• What is the latest age a child will stay engaged with classroom structure (age 18 at the inception of school system)?
  • What things must a person know by age 18, in the 12 available years of schooling?
  • Subjects categorised, all relevant knowledge must be imparted to children by age 18, across (at the time) 6 subject areas.
  • 38 school weeks per year, five days per week, five hours per day – high schools mostly have 40 minute-length classes, 8 per day.
  • That’s 8 compartments of ‘learning’, 5 days per week, 38 weeks per year, for 12 years – that’s 18,240 compartments; 3,040 per subject if you’ve only got 6 subjects.

Even at home, we’re likely to compartmentalise some things, just for our own sense of order. Let’s make every effort, though, not to allow rigour to annihilate creativity or quench our child’s love of learning. Whatever structure you put in place, it should support your child’s learning, not dictate it.
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How Did We Get Here?

The website for the Holistic Education Network of Tasmania, contains a very interesting flow chart which maps the influences of a great many educators on the ideals of holistic education.

I assumed that teachers, as part of their training, would examine the roots of educational history, and read works by key thinkers on the subject. A number of teacher-friends, however, have assured me that they were never required to do any such thing as part of their training! If you have the time and inclination, such study is an interesting pursuit. Please don’t allow your explorations of this or any subject, however, distract you from the core business of education your child according to their personal needs.
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Where Does Home Education Fit?

Despite the fact that for most of human history, home education was the ‘default’, there isn’t a lot of reliable information available as to just how and when the current resurgence took shape. Writers such as Ivan Illich, John Holt and John Taylor Gatto certainly influenced many, and this influence seems to stem from the Holistic era depicted on the HENT flow chart.

During my own upbringing, during several difficult patches with school, home education was never considered an option. I remember being told repeatedly, “schooling is compulsory”. Thankfully, it is education that is compulsory, and it is now well known that it can be more than adequately be provided by loving parents from a stable home base.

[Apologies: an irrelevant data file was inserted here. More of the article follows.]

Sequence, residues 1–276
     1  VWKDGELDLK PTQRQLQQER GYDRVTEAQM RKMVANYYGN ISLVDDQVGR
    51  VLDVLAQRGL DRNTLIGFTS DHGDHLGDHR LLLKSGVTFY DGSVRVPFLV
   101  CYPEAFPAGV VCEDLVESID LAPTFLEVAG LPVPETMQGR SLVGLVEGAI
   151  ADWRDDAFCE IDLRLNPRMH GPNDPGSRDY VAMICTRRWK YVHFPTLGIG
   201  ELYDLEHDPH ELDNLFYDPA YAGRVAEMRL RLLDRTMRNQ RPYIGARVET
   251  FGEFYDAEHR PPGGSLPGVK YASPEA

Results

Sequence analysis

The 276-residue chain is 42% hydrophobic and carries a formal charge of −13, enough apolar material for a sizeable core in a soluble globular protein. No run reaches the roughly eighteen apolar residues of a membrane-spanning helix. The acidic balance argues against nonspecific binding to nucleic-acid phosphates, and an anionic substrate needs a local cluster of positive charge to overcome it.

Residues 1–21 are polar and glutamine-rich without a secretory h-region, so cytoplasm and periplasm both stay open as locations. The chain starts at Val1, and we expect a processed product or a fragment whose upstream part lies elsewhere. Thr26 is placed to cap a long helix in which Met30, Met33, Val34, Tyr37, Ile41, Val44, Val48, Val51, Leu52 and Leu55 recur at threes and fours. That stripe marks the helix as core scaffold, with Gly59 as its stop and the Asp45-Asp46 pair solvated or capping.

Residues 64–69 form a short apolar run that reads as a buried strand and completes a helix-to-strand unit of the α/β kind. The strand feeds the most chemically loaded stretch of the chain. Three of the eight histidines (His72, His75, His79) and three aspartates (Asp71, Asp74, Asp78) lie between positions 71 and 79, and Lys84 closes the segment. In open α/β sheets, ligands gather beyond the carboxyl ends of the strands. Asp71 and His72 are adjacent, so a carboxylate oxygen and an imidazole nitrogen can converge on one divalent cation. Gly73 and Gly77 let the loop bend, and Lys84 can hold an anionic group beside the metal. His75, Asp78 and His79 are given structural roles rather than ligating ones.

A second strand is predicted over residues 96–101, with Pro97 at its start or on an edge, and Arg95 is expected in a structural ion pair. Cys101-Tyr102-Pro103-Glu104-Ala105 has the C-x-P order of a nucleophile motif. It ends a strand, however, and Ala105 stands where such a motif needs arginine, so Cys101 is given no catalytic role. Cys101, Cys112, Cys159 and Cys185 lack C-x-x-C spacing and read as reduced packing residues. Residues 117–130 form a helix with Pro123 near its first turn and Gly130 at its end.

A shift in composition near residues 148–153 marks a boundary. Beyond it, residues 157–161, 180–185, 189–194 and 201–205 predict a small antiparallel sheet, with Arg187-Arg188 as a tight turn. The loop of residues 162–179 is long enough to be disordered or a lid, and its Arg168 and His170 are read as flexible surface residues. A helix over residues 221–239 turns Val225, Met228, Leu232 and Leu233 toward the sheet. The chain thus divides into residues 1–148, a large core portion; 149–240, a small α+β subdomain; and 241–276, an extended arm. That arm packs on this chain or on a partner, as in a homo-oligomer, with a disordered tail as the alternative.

Somewhere between the seventies and the nineties, whatever home education revolution began overseas also took root where the seeds were dropped on fertile Australian soil.

Somehow the incidence of people asking, “Oh, are you allowed to do that (home educate), are you?” has dropped off, and a more common response to advice of home education is now, “Oh, I know someone who does that!”, and it’s most often spoken in favourable tones, too.
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Moving Forward

Certainly researching how our current education system ended up in such a mess is fascinating, as is reading the thoughts of those who have influenced it. It’s also time-consuming and not, in my opinion, hugely useful in helping us get on with the matter at hand: educating our own children, effectively, from home.

With reference to my own child’s education, however,
it is my responsibility to be the key thinker.

Personally, I find it interesting to look at the influences and decisions that have brought us to this point, but ultimately, I must let it all flow behind me and get on with the business at hand: providing my own child with the highest quality education I can manage.

Ultimately, perhaps the best way forward is to forget who said what to whom, or who is trying to manipulate what, and to persist in our endeavours to engage our own wonderful child with something that will cause them to pursue education for the whole of the rest of their lives.

As you begin, or continue, to shape your child’s educational experience, I do encourage you not to be reactionary or militant as you read or research. Allow yourself thinking time to process what you read, and bring new thoughts into the context of the realities that exist in your home and with your child, in the community you live in.
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We are made wise not by the recollection of our past,
but by the responsibility for our future.
~ George Bernard Shaw.
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References:
[1] The Funding of Government and Non-Government Schools / History, Covenant document.
[2] Glenda Inverarity, 22nd October 2000, sourced from gradschool.about.com
[3] Paper on Morehead State University, East Kentucky website
[4] Ivan Illich, Deschooling Society
[5] John Holt, Growing Without Schooling
[6] John Taylor Gatto, Dumbing Us Down
[7] John Taylor Gatto, American History Tour, Slide 4
[8]
Chris Davis, Turning Hearts CD series, disc 2, How Not to Teach Like School.